In contrast to the function-oriented onboarding process, a benefits-driven approach shows users what an app will do for them rather than how to use it. In demonstrating the app’s value, this strategy strives for conversion. If your app is easy to use, this is a good onboarding method.
As the benefits-oriented onboarding strategy emphasizes what the app does for users, the process can also be used to capture user goals, preferences, and permission requests. If your app clearly states its value to users, they will be more likely to allow specific permissions for an enhanced user experience.
In progressive onboarding, the user participates in an interactive, guided tour of the app, which highlights the key features of your app as the user navigates the app. This strategy is particularly beneficial for an app with an intricate workflow, hiddenfunctionalities, and multiple sections, as it won’t overwhelm users. Often, progressive onboarding is used to help users fill out their account profiles step-by-step. The goal of progressive onboarding is to minimize roadblocks that could hinder users from getting started in your app right away. Therefore, it’s essential to provide bite-size information in your onboarding steps to increase user engagement.
2. Define success for your onboarding journey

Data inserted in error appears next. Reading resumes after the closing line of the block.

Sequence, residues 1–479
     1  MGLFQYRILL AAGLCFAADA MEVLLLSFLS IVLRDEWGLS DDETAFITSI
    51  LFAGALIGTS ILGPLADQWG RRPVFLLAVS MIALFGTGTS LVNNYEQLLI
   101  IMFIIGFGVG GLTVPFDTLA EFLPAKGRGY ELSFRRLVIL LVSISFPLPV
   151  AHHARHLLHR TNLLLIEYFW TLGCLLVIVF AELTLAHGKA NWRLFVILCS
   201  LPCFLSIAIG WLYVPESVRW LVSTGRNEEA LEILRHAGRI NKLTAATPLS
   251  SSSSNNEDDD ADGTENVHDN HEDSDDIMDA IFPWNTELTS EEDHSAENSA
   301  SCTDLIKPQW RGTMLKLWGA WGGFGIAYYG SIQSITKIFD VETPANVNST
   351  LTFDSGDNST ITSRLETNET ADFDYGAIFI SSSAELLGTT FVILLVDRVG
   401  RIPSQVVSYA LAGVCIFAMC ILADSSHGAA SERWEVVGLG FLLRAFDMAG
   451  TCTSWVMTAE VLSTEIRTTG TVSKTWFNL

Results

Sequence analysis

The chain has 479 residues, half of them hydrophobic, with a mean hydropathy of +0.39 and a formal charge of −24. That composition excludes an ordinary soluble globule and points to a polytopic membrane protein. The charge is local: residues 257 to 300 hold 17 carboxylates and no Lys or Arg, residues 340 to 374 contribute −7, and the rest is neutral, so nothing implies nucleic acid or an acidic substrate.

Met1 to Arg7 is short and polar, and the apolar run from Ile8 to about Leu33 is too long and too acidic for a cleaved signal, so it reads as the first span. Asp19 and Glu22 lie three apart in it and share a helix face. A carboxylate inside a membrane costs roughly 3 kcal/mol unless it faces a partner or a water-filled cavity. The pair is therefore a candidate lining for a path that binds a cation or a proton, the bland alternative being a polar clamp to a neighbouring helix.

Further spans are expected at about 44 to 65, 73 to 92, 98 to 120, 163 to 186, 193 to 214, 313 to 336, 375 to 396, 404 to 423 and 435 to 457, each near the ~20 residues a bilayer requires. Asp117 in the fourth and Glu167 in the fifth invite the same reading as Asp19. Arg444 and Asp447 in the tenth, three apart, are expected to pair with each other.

How is app onboarding success measured? To answer this question for your app, you must determine the goal(s) of your onboarding journey. Beyond ensuring a user is registered and informed about how to use your app, what do you want users to do post-install? The answer to this question varies depending on the app category. For example, a budgeting app will have more Daily Active Users (DAUs) than a travel app, as the purpose for each app and frequency of use differs. Therefore, set up the right key performance indicators (KPIs) for your app’s onboarding process.
Not sure which KPI is best for your onboarding process? We’ve listed several popular KPIs for app onboarding below.
As the name suggests, this metric is calculated by dividing the number of users who finished onboarding by all the users who began the process.
This KPI is the percentage of users who are actively using your app over a period of time.